The middle man
Hockey fans were essentially introduced to Jim Balsillie in December of 2006.
At the time, he was in the news as the Canadian billionaire about to purchase the Pittsburgh Penguins, and Balsillie made his coronation official by going on Hockey Night in Canada, giving a candid interview with Ron MacLean via satellite from the backyard of his home in Waterloo, Ontario.
We knew the BlackBerry; we didn't yet know Mr. BlackBerry.
That appearance on network television, answering questions on a forum for millions of hockey fans, wasn't the norm for Balsillie. As we've seen since, he's never been front and centre when it comes to the media coverage of his bid for an NHL franchise in Hamilton.
And that's where Richard Rodier comes in.
As part of some work I was doing on the Never in Hamilton package last week, I was sifting through the photo archives, looking for any kind of visual representation that would work with the stories. And one search for various entries in the 'Hamilton' + 'NHL' theme, going back five-plus years, turned up a grainy, black and white head shot of Rodier.
What on earth did Rodier, Balsillie's middle man and the lawyer now serving as the face of his bid for the Nashville Predators, have to do with bringing NHL hockey in Hamilton in 2002?
From The Globe and Mail on Jan. 24, 2003:
A Toronto-based group has submitted an all-cash bid to buy the Ottawa Senators and plans to move the team to Hamilton.HHC Acquisition Corp.? That's a new one. Or at least when it comes to the most recent history involved here.
Richard Rodier, a corporate lawyer in Toronto, submitted the bid yesterday on behalf of HHC Acquisition Corp. Rodier declined to provide details of the offer or say who else is involved. But he said the bid has been fully financed and he and Hamilton city officials have discussed using Copps Coliseum.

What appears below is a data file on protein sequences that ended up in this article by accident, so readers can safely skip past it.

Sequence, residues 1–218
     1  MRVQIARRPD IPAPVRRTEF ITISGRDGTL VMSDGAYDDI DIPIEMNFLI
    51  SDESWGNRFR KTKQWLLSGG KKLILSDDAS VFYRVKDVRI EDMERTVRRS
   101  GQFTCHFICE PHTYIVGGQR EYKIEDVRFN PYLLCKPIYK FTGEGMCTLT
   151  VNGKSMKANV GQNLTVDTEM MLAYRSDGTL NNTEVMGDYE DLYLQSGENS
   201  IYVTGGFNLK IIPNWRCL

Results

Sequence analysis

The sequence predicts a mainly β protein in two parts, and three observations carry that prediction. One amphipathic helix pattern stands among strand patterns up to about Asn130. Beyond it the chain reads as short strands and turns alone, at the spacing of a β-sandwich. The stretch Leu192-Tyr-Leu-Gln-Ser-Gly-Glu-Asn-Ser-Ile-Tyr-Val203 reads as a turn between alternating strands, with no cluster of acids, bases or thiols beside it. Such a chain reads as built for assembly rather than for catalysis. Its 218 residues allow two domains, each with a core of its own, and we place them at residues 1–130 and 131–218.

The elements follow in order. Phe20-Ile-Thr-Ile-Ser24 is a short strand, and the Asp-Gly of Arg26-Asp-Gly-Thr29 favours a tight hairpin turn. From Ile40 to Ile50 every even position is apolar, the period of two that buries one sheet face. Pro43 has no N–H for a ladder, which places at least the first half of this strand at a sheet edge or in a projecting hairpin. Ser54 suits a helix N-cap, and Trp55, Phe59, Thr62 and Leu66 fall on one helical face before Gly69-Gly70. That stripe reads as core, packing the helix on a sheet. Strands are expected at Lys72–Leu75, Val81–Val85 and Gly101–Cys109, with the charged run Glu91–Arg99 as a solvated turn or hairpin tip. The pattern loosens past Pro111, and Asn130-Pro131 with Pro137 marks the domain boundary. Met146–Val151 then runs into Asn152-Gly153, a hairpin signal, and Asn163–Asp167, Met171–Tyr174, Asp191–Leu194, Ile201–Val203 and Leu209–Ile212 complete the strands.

You see, Rodier fronting bids for NHL teams isn't anything new. It was even later reported in The Globe that this HHC group had attempted to make a play for the Buffalo Sabres during that team's bankruptcy — although those overtures, and those made regarding the Senators, were never taken all that seriously in the press or the hockey community at large.
After all, who was this crackpot Rodier making all-cash bids? And what kind of takeover could a mystery company no one had ever heard of make?
We now know who Rodier is, and just what sort of financial heft he has in his corner. We also know that Balsillie's been in the market for an NHL team going back long before his play for the Penguins, even if his ties to the process have been kept relatively secret.
Here's a quote from Rodier from that same 2003 article:
"In addition, we have considered the issues regarding any territorial rights issues that may exist and we are confident that we have a strategy in place to address those issues," he said, declining to provide further details.There's been a plan in place for years, and it apparently includes some sort of circumvention of the rights issues regarding the Toronto Maple Leafs. (As an aside, current Senators owner Eugene Melnyk was approached regarding moving that team to Hamilton prior to his taking ownership in Ottawa, and it was only when Gary Bettman stepped in that Melnyk backed off that relocation.)
If you include the plays for the Sabres, Senators, Penguins and Predators, Balsillie's been lining up for troubled NHL franchises now for a lot longer that has been reported to this point.
And you can bet he'll be at the front of the line for whoever bottoms out next.